Coppa de la Vera

BriCan
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Post by BriCan » Thu Apr 28, 2016 08:37

harleykids wrote:Man, that's cold! That's around 39 deg F !
No wonder WL goes slowly! I would think at that temp they would last forever!
And develop taste very nicely,
Ever so nicely :)
Do you get mold at that temp?
Yes they acquire mould all of which is natural and of most colours which are left for the duration as mould is part of the flavour profile

I would post pictures but my laptop which has them on is down at the present but hopefully I will have that rectified soon
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Post by harleykids » Thu Apr 28, 2016 14:44

Definitely post some pics when you get some time!
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Post by LOUSANTELLO » Fri May 06, 2016 02:38

Has anybody ever gotten some green between the meat and casings? It's powdery and not fuzzy. Scraped right off. Other than that, they taste wonderful Image
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Post by harleykids » Fri May 06, 2016 04:09

I have never had any mold between my casing and my muscle, but I think some would be normal in many situations. Your pics look fine to me, and it looks great! Eat away I say! Wipe off and move on!
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Post by Bob K » Fri May 06, 2016 16:41

Did the meat shrink inside the casing or did the casing adhere to the meat? Was it mold or possibly herbs/spices?
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Post by LOUSANTELLO » Fri May 06, 2016 19:16

Definitely not herbs. The casing had a huge rib in it. Looked like a vein. I am assuming the meat shrunk and the casing didn't down that area. I sliced the one area out and scraped the other small areas. It was probably "void areas"..Could the wine have anything to do with it? I saturated in wine then rubbed calabrian sweet pepper. That's it. Still didn't look anywhere near blue cheese. :razz:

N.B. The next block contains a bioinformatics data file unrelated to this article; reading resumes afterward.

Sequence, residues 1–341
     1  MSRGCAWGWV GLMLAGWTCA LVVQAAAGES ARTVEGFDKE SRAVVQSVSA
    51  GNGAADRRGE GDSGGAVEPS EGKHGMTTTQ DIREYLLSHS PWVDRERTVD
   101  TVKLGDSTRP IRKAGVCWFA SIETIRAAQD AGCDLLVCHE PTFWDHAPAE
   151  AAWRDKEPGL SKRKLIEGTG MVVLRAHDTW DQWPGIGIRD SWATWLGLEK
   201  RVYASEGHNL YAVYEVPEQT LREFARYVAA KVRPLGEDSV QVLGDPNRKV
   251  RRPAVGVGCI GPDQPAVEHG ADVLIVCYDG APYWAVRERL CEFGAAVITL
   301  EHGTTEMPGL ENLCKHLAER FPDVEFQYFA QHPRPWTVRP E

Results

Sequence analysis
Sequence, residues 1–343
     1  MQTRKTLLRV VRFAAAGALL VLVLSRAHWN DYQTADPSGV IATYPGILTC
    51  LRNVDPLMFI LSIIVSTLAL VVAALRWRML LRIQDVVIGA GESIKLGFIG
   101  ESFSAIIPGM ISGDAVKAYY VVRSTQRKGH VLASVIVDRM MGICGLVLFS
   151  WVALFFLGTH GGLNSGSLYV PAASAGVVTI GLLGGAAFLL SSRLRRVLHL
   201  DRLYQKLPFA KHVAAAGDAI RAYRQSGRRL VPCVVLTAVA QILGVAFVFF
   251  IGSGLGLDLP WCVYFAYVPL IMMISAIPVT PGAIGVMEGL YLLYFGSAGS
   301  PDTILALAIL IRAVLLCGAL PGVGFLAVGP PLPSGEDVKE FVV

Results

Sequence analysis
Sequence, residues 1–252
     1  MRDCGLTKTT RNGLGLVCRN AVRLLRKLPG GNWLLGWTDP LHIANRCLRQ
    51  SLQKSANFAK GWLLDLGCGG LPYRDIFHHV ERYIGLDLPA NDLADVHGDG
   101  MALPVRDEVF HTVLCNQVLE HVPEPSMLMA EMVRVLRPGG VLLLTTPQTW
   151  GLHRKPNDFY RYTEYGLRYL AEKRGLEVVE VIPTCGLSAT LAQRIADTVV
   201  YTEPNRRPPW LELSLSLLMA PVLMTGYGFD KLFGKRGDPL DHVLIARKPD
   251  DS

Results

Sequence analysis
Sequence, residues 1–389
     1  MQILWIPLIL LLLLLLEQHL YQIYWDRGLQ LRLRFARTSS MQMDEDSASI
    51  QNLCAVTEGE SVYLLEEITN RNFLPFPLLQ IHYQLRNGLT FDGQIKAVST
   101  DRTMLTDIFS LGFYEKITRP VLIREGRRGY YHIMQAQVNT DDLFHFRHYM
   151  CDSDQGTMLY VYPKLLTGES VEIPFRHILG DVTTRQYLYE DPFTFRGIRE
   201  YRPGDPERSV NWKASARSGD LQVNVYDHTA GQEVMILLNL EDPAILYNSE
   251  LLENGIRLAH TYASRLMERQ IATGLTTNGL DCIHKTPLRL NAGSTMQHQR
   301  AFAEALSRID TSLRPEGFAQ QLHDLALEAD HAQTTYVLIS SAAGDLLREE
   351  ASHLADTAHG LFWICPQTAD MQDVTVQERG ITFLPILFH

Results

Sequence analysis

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Post by LOUSANTELLO » Fri May 06, 2016 19:17

The majority of the meat did adhere to the casing.
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Post by redzed » Sat May 07, 2016 14:53

I have had that that occasionally. Usually when then there is a bit of of a void or space between the meat and casing. Nothing to worry about, just do a bit of surgery and trim it out.
Last edited by redzed on Sun May 15, 2016 04:44, edited 1 time in total.
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Post by LOUSANTELLO » Sun May 15, 2016 03:56

When I received the bungs, there was a layer of whatever tissues on the inside of the casing attached to the side wall. Hard to explain, but I am positive you guys know what I'm talking about. I was afraid to scrape it off because I thought I was going to tear a hole in the casing. I think that was the culprit. I just made 2 more and that damn white stuff was still there on the inside. This time I got smart and turned the casing inside out. Is that the trick or how do you normally remove it?
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Post by partycook » Thu May 26, 2016 15:00